How Pediatricians Are Helping End Childhood Hunger

Talking to Dr. Kofi Essel, you feel that he sees you, that he cares. It must be how his young patients feel every time they come to his office. You quickly understand he has a passion for his community that goes beyond just treating his patients. As a pediatrician, he takes a step further, caring for the well-being of the families in his community.

For this reason, families in the Anacostia neighborhood of Washington D.C. have learned to trust him. He remembers when a mom pulled him aside to talk about the challenges facing her family.

“She was just overwhelmed with all the things that she wanted to do to support her family, but not knowing where to start,” shared Dr. Essel, explaining how difficult it can be for families to navigate benefit services and strategize when they are stressed about making it to the end of the month. He was there to help them out.

Dr. Essel speaking at white house conference

As a member of the American Academy of Pediatrics (AAP), Dr. Essel and other pediatricians across the nation have partnered with No Kid Hungry to support children under the age of six.

Part of the efforts include screening children for hunger and connecting them to community and federal resources such as the Women, Infants, and Children (WIC) program and the Supplemental Nutrition Assistance Program (SNAP)

"Food insecurity occurs in every single county around this country,” explained Dr. Essel. “The question is, do I want to see it or do I want to unsee it?”.

As a Black doctor, Dr. Essel is particularly invested in serving and supporting his resilient community. He understands what it means for families to have a doctor that looks like them and the trust he can build.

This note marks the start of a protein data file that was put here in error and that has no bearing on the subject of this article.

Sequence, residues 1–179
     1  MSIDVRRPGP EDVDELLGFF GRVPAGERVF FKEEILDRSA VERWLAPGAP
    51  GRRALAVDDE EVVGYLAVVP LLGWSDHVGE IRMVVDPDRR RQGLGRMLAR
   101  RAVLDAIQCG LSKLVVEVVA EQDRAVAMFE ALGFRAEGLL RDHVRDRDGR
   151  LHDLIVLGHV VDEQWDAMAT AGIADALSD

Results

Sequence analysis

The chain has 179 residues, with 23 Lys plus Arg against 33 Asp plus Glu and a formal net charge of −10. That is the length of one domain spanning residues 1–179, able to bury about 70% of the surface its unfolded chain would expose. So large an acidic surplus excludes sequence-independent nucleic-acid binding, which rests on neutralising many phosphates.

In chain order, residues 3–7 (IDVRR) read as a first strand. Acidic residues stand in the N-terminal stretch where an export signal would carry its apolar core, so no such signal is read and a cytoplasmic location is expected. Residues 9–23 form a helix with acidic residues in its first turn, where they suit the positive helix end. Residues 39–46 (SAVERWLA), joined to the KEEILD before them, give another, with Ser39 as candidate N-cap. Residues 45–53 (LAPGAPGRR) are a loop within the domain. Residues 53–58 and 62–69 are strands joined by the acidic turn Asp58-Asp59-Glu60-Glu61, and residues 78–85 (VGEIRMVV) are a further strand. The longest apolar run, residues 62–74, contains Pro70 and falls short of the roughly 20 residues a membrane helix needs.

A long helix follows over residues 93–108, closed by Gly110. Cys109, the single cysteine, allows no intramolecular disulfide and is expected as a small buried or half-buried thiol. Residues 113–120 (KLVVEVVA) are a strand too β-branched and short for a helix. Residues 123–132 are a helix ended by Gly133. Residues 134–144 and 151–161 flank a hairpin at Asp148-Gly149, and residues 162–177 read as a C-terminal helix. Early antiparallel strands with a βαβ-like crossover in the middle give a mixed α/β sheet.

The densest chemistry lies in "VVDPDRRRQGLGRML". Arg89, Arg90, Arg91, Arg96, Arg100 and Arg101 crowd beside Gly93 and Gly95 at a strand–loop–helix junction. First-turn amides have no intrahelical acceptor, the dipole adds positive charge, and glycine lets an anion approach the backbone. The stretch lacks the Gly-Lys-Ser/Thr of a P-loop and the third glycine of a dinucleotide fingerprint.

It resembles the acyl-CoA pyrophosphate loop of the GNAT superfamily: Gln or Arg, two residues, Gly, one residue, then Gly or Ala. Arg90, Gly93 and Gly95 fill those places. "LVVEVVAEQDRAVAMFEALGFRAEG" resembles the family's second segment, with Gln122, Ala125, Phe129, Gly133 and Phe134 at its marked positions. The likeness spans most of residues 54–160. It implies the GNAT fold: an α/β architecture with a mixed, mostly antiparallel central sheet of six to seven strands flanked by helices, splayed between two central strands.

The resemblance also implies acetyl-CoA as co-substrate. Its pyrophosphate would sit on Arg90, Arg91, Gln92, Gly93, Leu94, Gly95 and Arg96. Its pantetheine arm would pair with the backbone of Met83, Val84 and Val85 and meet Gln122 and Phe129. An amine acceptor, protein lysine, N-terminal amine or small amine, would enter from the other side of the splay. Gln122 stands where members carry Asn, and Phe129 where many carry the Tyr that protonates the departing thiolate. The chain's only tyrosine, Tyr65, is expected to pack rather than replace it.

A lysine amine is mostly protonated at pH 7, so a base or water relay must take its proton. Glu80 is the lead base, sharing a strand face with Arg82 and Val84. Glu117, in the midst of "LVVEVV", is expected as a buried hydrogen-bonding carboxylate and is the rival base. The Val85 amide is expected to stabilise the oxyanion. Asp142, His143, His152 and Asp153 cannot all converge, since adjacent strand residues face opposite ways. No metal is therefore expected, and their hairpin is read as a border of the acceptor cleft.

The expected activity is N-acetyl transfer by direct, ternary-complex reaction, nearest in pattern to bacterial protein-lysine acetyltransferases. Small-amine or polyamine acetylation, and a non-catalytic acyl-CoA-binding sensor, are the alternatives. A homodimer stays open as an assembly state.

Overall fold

"Families will share things with us that they won't share with anyone else,” he said. “And if families are willing to be vulnerable with us and share this deeper experience with us, it gives us a great opportunity to be a hub to then connect families to meaningful programs through the help of strong clinical community collaboratives. We're not doing this by ourselves, but we're working with our community partners who have been doing this work for generations." 

Dr. Essel has a deep understanding about the impact of hunger in children under six. During these early years, children's brains and bodies are developing rapidly. Without the proper nutrients and with the toxic stress of not having enough food, children may experience delays in physical and cognitive development, which can have long-term consequences.

He spoke of poor outcomes in school, anemia and even increased hospitalizations, anxiety and depression.

"Kids are vulnerable, they're sensitive. You want to create a good environment to help them thrive. Just to say that they're resilient is not okay," he explained.

Dr. Essel and 3 other people receiving innovation award

Dr. Essel made a call to pediatricians across the nation to recognize the impact of hunger on their patients’ health. He said that many doctors don’t realize that hunger exists in their communities, and many receive limited nutrition education in medical training. And he emphasized that “the time is “now” to become aware of these gaps and use our trusted platforms to act and to advocate.”

Talking of the health of children and good nutrition, he said, “You cannot separate them. They go hand in hand.”

With your support, No Kid Hungry will continue building the partnership with AAP to support the health of kids under six. Pediatricians are essential partners in our fight against childhood hunger. Together we will continue working to ensure every kid in the United States has the meals they need to play, learn, grow and pursue their dream.

You too can be part of No Kid Hungry. Learn more about how you can help children across America today.

Listen to Dr. Essel talk about culinary medicine in the Add Passion and Stir Podcast.

Dr. Essel speaking to group of people